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Supplement Guide: AAKG

Can Arginine Alpha-Ketoglutarate help you get the most out of your muscle-building workouts?

Where it comes from: Arginine Alpha-ketoglutarate (also known as AAKG and arginine) is a nonessential amino acid that’s necessary when it comes to making nitric oxide in the liver. “Both AAKG and nitric oxide amplify the beneficial muscle-building effects of exercising and nutritional supplements,” explains registered dietitian and American Dietetic Association spokesperson Jim White.

What it’ll do for you: Arginine Alpha-ketoglutarate is used to treat kidney disease, intestinal and stomach disorders, liver problems and cataracts. It is also used to increase sexual energy, and for the prevention and treatment of erectile dysfunction disorder and sterility in men. Some people take alpha-ketoglutarate to improve peak athletic performance because it helps the liver break down by-products of muscle exercise such as ammonia. Athletes believe AAKG supplements help them exercise longer with less pain and stiffness, and build up more lean body mass

“Evidence also shows that L-arginine stimulates protein synthesis, which helps the body build muscles, and increase their size, strength and endurance,” says White. It has been found that, by taking 10 to 15 grams of AAKG per day, the body’s insulin level increases by 20 to 30 percent, which in turn, theoretically increases strength gains and muscle growth. How? L-argnine increases nitric oxide production in blood vessels, increasing their diameter. This increases blood flow without raising blood pressure. When blood vessels dilate, more blood reaches the muscles and tissues and provides a larger amount of carbohydrates, proteins and various muscle-building hormones.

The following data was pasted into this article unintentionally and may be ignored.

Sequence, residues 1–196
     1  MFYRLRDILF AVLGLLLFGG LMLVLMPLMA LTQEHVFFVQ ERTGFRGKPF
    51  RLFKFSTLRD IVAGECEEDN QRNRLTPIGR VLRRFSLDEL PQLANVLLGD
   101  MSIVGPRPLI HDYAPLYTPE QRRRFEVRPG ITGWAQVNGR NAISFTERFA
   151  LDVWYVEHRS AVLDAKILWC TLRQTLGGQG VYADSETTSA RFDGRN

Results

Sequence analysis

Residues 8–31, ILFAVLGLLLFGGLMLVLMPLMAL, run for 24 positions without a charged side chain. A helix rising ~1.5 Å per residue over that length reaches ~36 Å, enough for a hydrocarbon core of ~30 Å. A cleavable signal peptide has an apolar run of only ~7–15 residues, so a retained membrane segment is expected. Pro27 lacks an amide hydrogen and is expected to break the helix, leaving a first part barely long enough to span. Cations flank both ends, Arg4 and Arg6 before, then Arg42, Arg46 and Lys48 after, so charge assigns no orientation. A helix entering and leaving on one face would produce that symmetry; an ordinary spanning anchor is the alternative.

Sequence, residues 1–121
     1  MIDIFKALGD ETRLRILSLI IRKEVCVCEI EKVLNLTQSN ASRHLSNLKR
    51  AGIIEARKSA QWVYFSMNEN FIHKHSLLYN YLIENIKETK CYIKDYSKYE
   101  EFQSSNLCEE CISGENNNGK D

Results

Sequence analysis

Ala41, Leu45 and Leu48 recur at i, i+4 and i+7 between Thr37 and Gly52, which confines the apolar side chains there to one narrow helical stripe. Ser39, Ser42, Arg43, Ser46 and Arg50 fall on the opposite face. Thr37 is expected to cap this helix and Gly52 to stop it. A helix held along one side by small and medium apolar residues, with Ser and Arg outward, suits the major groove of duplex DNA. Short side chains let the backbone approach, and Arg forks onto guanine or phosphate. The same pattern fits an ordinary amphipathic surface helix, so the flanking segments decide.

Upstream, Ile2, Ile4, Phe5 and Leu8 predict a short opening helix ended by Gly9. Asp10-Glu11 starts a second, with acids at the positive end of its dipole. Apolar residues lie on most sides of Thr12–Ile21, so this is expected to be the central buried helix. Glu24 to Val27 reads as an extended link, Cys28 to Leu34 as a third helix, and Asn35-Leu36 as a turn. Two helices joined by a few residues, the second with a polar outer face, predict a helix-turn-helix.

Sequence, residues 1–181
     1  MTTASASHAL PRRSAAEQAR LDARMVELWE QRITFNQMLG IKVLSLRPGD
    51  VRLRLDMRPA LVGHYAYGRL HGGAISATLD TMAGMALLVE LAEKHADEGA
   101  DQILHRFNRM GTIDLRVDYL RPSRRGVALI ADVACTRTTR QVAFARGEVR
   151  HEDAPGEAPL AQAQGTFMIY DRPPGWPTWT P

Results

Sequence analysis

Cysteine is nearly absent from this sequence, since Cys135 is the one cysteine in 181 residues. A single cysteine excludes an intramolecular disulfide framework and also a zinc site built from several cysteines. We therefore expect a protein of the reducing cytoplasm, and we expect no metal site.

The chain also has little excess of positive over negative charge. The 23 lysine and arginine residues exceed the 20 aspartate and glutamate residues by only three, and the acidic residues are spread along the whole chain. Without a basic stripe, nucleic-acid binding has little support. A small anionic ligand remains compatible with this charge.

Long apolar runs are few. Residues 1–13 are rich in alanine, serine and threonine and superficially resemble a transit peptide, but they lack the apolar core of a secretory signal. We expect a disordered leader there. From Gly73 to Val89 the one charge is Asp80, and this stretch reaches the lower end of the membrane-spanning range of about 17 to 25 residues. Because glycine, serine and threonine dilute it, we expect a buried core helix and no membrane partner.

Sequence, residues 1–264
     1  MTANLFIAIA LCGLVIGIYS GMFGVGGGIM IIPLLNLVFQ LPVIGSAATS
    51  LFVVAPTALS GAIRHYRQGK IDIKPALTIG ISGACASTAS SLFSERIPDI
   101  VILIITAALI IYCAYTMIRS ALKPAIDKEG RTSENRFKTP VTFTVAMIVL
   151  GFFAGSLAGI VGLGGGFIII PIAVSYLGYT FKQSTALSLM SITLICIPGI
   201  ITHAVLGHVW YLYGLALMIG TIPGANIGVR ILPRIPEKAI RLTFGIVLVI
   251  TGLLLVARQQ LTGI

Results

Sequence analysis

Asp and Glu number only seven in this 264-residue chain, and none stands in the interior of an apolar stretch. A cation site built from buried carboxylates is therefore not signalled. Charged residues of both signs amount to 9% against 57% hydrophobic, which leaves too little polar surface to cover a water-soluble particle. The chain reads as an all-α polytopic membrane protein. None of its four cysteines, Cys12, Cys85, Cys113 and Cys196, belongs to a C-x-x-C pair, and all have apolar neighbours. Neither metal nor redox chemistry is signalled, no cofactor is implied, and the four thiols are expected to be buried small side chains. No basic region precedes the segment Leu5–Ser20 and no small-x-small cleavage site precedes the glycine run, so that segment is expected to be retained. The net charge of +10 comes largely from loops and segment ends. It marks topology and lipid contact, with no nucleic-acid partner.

“Several studies found that the use of arginine alpha-ketoglutarate by bodybuilders promoted larger and longer lasting pumps,” White explains. “The muscles were tighter and stronger. Some of the bodybuilders reported feeling ‘pumped’ all day long.”

Suggested intake: “Red meat is rich in L-Arginine, so consuming lean cuts of beef do provide increased protein, but this does not have the same effect as taking a supplement with Arginine,” explains White. “Most supplements are manufactured with a time release component that provides the nutrient for a period of time. Also, in order to reap the same amount of nutrients from a supplement, one would have to consume large amounts of food. It is more efficient to use a supplement.”

As a supplement, AAKG is sold in a tablets, pills or powder. The suggested dosage is two or three tablets once or twice a day on an empty stomach, preferably in the morning and at least 30 minutes before workouts. In powder form, the recommended dose ranges from 1500 milligrams to 3500 milligrams. Many experts believe it is safe—and actually more beneficial—to mix AAKG powder with creatine-based products.

Associated risks/scrutiny: So far, research is inconclusive on the adverse side effects of this product and it appears to be safe for most adults. In an eight-week study, subjects reported no abnormal side effects from taking about four grams per day of AAKG.

However, a 2009 paper reported three patients who were admitted to the emergency room with very negative effects including dizziness, vomiting and loss of consciousness. AAKG is not recommended for continuous, high-level use for more than 60 days.

AAKG is a natural blood thinner so people taking blood thinners should use with caution. Some doctors believe that people with any form of the herpes virus (cold sores or genital herpes) should not consume AAKG as it may induce virus symptoms.

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